British comedian Russell Brand is scheduled to perform a one-off show at Vector Arena in November, but a historic drug conviction that saw him deported from Japan last year could mean he's denied entry here.
"Russell Brand will have to apply for a visa to enter New Zealand and make full disclosure of his previous convictions. There is never a guarantee that any visa application will be approved," said a spokesman for Immigration New Zealand.
Brand was turfed out of Japan when his decade-old convictions were brought to light.
Japanese immigration officials declined to comment at the time on his deportation, but his now-divorced wife Katy Perry tweeted: "It was for priors from over 10 years ago."
The comedian narrowly avoided a prison sentence in the United States this year after smashing the phone of a paparazzi photographer.
It was the second such run-in with a member of the tabloid press and the law. Brand cut a deal with New Orleans prosecutors and agreed to pay court fees and perform community service, ducking a six-month jail stint.
Mike Tyson, who is also scheduled to appear at the Vector Arena days earlier, is yet to get his visa approved, Immigration NZ told The Diary.
The former world heavyweight boxing champion is due to speak at the Day of Champions event but his rape conviction may prevent his entering New Zealand.
"Immigration New Zealand can confirm that Mike Tyson has requested a special direction to enter New Zealand," the spokesperson said.
"His previous criminal convictions mean he is ineligible to be granted a visa unless he is given a special direction."
While a decision about Tyson's visa is yet to be made, the event hangs in the balance. However, a rep for Vector Arena said the venue management expected no issue with Tyson appearing.
The Herald reported this week that pre-sale tickets to the event had started selling, with ringside tickets sold out. Tickets for the general public go on sale next week.
Like a domestic goddess, All Black Ali Williams was busy browsing kitchen appliances and bathroom fittings at the Auckland Home Show at the weekend, but he didn't expect to run into Josh Kronfeld manning a stand.
Rugby legend Kronfeld, who was fronting the Choice TV pavilion, told The Diary it was a nice surprise to bump into his old friend. "It's always fun to see people at places like that. Ali was looking at home stuff with his wife [Casey Green]. We both had a woman under our arm. You know, we may be sports guys but we're just everyday people. We look at kitchen stuff," Kronfeld laughed.
Boxer Shane Cameron also made a cameo with his partner. Said Kronfeld: "I'd just been travelling around the country with Shane for a Child Cancer project, but I didn't expect to run into him at the Home Show too".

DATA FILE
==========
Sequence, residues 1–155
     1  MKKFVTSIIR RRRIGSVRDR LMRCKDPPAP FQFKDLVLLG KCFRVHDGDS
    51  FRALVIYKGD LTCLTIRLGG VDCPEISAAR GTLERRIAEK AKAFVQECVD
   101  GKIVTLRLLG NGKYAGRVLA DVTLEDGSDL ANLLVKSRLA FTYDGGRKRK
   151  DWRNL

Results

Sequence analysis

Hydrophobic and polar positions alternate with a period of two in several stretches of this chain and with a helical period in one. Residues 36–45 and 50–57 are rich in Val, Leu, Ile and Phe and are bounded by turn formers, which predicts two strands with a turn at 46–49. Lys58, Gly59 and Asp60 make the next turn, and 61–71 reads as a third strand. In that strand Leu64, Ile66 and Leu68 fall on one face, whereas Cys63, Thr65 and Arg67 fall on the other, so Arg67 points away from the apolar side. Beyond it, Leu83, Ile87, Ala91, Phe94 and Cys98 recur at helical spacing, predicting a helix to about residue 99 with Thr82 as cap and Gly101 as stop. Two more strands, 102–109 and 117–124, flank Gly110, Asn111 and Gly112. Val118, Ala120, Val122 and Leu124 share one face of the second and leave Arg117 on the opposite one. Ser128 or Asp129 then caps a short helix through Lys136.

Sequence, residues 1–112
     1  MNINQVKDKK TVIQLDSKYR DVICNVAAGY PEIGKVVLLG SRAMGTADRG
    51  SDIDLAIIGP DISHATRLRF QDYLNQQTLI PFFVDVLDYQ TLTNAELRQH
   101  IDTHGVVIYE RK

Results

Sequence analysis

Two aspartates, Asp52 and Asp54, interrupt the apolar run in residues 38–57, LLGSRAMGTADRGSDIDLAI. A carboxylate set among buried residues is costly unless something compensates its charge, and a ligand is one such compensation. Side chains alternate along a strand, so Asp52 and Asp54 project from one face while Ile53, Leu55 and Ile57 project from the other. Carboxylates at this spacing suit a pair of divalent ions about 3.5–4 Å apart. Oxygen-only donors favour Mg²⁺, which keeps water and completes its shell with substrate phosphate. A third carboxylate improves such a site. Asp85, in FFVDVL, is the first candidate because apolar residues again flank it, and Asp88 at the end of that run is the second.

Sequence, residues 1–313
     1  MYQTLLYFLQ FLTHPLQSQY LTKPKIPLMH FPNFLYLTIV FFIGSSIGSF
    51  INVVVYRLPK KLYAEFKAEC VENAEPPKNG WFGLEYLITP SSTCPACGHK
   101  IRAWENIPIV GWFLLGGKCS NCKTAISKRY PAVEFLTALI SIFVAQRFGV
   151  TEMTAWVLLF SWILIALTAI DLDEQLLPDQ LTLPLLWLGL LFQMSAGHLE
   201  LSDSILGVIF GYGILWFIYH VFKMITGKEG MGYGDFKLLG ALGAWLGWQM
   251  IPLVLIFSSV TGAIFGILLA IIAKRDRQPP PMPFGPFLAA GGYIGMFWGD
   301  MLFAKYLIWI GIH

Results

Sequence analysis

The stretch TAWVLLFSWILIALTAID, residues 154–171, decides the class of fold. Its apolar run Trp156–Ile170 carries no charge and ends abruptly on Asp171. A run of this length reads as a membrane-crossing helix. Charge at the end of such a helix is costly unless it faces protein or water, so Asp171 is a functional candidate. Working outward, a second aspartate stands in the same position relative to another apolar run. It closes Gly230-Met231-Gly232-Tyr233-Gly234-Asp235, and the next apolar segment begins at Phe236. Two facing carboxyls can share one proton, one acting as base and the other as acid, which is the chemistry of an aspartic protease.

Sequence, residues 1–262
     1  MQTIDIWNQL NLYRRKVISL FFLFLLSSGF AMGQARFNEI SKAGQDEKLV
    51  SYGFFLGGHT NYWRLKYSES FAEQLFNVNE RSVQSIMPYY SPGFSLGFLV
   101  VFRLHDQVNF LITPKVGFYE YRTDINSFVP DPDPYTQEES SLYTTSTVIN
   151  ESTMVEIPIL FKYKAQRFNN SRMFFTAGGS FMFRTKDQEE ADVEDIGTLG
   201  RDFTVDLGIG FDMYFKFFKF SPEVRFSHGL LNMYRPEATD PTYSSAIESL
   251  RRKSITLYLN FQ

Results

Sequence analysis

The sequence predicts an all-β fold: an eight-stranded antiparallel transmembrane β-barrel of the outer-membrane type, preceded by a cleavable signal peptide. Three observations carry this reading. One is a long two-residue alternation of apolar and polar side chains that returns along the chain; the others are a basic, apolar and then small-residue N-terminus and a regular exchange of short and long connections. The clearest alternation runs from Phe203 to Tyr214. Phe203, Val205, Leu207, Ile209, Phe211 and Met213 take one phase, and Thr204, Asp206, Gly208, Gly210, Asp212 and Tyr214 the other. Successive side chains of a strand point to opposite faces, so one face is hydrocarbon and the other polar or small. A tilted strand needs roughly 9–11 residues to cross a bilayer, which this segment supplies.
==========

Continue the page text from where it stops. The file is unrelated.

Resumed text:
Kronfeld's interest in lifestyle products is work related, mostly. He will give up his stay-at-home-dad role to host Brunch - a daily lifestyle programme on Choice TV - alongside April Ieremia from September 24.
The hour-long show is made by Top Shelf Productions in Lower Hutt's Avalon Studios, sold this week to Avalon Holdings, owned by four Wellington businessmen.
Brunch will include food and fashion tidbits by MasterChef winner Brett McGregor and stylist Samantha Hannah, plus a weekly motoring segment fronted by former anchorman Neil Waka, who, when he's not at the Home Show with Kronfeld plugging a morning telly show, revs up Holden corporate affairs in his day job.
Hauraki pirates in movie
Move over, Jack Sparrow, some Kiwi pirates are coming to the silver screen and their story is a real tale of adventure and bravery. 3 Mile Limit, a local movie about the controversial early days of Radio Hauraki, will start filming in November and director/producer Craig Newland told The Diary it "will be a real eye-opener to generations of people who don't know about Hauraki's history".
In 1966, pirate Hauraki began broadcasting at sea after the Government refused to give it a radio licence. For more than three years, it broadcast from on board the Tiri, outside the three-mile territorial limit in the Hauraki Gulf, until it received a licence and could broadcast on land. The Radio Hauraki crew had spent 1111 days at sea.
The Hauraki story is said to have been the basis for the star-studded British comedy The Boat That Rocked, which starred comedian and Herald columnist Rhys Darby.
But the Kiwi movie, Newland says, will largely be a true story. "All the facts will be there but we will change the characters' names," he said.
Funded by a group of private investors, the film stars Matt Phelan of Go Girls fame, who will play the lead character.
Back Benches is back
Political panel show Back Benches was left homeless when its landlord, TVNZ7, was turfed out by the state broadcaster, who didn't so much change the locks as burn the house down. But good news: it's found new digs. Sky TV is supplying a home in the form of free-to-air channel Prime from February. Twenty episodes of Back Benches have been commissioned. They will be filmed at the Backbencher pub near Parliament and funded by Sky and NZ on Air.